Mel Slater's Presence Blog
Thoughts about research and radical new applications of virtual reality - a place to write freely without the constraints of academic publishing,and have some fun.
- Name: Mel Slater
I still find immersive virtual reality as thrilling now as when I first tried it 20 years ago.
20 November, 2015
10 September, 2015
In the Presence of Freud
Counselling Yourself in Immersive Virtual RealitySofia Adelaide Osimo, Rodrigo Pizarro, Bernhard Spanlang, Mel Slater (2015)
Conversations between self and self as Sigmund Freud—A virtual body ownership paradigm for self counselling, Scientific Reports, 5, 13899; doi: 10.1038/srep13899
We have used immersive virtual reality to provide a way that you can have a conversation with yourself, but the other ‘you’ that you talk with can be represented as another person (or even another copy of yourself). The idea was to investigate whether this method would reduce the negative feelings associated with personal problems.
In both synchronous conditions participants had a strong illusion of body ownership - whether the body they saw was their own, or that of Freud.
07 November, 2014
What happens in your brain when your virtual body is threatened?
Mar González-Franco, Tabitha C Peck, Antoni Rodríguez-Fornells, Mel Slater (2014) A Threat to a Virtual Hand Elicits Motor Cortex Activation Experimental Brain Research 232: 3. 875-887.
12 July, 2014
Visual-Tactile and Visual-Motor Influences on Virtual Body Ownership
Now especially in control conditions (e.g., asynchronous) we are asking them to report on something that they do not know about - yet of course they will always give some answer to a questionnaire. This is especially problematic in within-group studies where we ask people to report the strength of the illusion in both an experimental (e.g. synchronous) condition and in a control (e.g., asynchronous condition). But these are not balanced in the sense that the order of the conditions does matter. Experiencing first an asynchronous condition and then a synchronous one is really very different from the other way around - since when the synchronous condition is experienced first participants know what you are talking about with respect to ‘body ownership’ and therefore can more appropriately evaluate the asynchronous condition. No amount of counter balancing can overcome this, and anyway it violates a fundamental assumption behind the statistical analysis (by ANOVA) of within-group designs - that all orders of stimuli delivery are equivalent.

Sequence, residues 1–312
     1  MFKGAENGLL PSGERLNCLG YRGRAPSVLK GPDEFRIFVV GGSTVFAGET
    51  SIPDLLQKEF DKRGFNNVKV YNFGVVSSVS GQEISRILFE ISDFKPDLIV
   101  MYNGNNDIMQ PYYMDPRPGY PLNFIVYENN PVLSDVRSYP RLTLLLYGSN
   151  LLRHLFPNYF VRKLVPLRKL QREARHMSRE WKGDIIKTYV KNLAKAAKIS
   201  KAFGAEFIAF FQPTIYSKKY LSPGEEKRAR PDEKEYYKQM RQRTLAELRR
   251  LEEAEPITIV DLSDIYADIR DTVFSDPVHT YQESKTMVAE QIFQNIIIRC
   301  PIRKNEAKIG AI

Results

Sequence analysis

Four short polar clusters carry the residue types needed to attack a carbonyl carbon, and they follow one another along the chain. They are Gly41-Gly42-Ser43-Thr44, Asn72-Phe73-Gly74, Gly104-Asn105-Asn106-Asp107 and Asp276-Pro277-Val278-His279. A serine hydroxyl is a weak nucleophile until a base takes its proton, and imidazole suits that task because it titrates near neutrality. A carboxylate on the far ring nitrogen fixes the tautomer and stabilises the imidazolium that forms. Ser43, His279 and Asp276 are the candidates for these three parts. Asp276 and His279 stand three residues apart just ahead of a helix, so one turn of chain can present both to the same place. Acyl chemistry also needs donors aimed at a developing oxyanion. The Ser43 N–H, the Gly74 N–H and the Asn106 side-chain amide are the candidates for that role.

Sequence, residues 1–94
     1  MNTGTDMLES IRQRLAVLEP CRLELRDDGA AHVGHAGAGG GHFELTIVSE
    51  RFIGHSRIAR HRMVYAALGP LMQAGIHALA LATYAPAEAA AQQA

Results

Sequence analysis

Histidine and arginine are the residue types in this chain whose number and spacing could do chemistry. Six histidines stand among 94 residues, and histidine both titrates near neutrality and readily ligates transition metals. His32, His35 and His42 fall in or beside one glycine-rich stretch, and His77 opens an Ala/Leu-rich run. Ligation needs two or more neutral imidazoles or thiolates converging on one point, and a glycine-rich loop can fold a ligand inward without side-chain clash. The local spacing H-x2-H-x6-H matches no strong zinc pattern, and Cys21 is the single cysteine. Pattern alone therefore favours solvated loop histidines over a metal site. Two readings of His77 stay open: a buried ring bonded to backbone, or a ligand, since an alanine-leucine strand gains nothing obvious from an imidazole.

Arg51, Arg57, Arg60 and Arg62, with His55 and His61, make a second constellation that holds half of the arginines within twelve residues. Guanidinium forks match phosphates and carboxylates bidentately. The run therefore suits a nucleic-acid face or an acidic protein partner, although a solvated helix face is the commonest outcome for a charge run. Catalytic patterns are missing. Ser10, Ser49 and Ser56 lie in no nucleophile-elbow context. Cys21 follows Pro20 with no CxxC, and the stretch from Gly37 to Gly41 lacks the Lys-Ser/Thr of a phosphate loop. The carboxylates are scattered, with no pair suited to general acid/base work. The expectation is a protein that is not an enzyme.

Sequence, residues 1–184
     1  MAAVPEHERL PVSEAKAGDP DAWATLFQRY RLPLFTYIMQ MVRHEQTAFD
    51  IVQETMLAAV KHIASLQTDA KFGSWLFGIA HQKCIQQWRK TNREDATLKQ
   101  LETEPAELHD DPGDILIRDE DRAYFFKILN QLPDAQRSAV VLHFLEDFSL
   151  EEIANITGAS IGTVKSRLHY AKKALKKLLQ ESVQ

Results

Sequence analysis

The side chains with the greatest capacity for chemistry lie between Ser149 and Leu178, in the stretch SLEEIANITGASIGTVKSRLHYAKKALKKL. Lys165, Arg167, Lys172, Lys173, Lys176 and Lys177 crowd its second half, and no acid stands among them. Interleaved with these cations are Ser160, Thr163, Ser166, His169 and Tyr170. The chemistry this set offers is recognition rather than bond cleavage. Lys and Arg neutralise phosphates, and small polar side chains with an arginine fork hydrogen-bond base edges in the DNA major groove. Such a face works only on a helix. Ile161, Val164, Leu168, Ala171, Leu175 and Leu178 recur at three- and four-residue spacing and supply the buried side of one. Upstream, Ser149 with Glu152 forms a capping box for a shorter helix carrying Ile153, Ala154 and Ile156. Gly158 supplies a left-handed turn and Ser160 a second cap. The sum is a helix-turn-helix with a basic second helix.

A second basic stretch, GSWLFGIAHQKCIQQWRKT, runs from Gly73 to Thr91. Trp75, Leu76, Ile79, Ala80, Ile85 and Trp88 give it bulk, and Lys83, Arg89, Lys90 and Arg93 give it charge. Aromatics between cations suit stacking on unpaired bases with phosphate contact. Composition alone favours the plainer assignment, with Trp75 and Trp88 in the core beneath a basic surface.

15 February, 2014
The Presence of Your Distant Virtual Body
15 July, 2013
Presence Through the Eyes of a Child
Alternatively you can be embodied in a virtual body of the same size as the child one, except that this is a shrunken down adult body. Otherwise everything is the same. In both conditions people tended to have a strong illusion that the virtual body was their body.
if you were the size of a Barbie doll, how would you see the world? You see it bigger. What we found though goes beyond that. In the two conditions (child or shrunk down adult) both overestimated sizes of objects, as expected. However, the child condition led to much greater size overestimation. It must therefore be not just the size but the form of the body that is having this effect.
We also gave people an implicit association test. This requires people to quickly categorise themselves according to child or adult attributes. Their adult attributes (like their age, what they do etc) were obtained a while before the experiment from a questionnaire. Those in the child condition nevertheless were found to identify themselves more with child like attributes than those in the adult condition.
A critical aspect of the findings was that the differences between the child and adult embodiment was due to the degree to which participants had the sensation that the virtual body was their body (their degree of 'body ownership' over the virtual body). We had another condition where everything in the setup was the same, except that the virtual body moved independently of the person's real body movements. In this condition the illusion of body ownership was very much reduced compared to the condition when the virtual body moved synchronously with the real body movements. In this asynchronous condition the difference between the child and adult conditions vanished. Both still overestimated sizes, but there was no difference between them, and the overestimation was about the same as that in the synchronous adult condition.
The body has a kind of semantics, meaning is attributed to a body type. In this case it was a child's body, something of which we've all experienced. Perhaps embodying people in such a child-like body automatically leads the brain to bring to the fore types of mental processing that go along with being a child. We have only shown this with respect to size perception, and implicit associations, but maybe there is more to this. Also we do not know how long the effects last - much work remains to be done.
Domna Banakou, Raphaela Groten, and Mel Slater (2013) Illusory ownership of a virtual child body causes overestimation of object sizes and implicit attitude changes, PNAS doi: 10.1073/pnas.1306779110
31 May, 2013
Racial Bias and Virtual Embodiment
Tabitha C. Peck, Sofia Seinfeld, Salvatore M. Aglioti & Mel Slater (2013) Putting yourself in the skin of a black avatar reduces implicit racial bias, Consciousness and Cognition, 22(3), 779-787.
This work is funded under the FP7 Project VERE and the ERC Project TRAVERSE.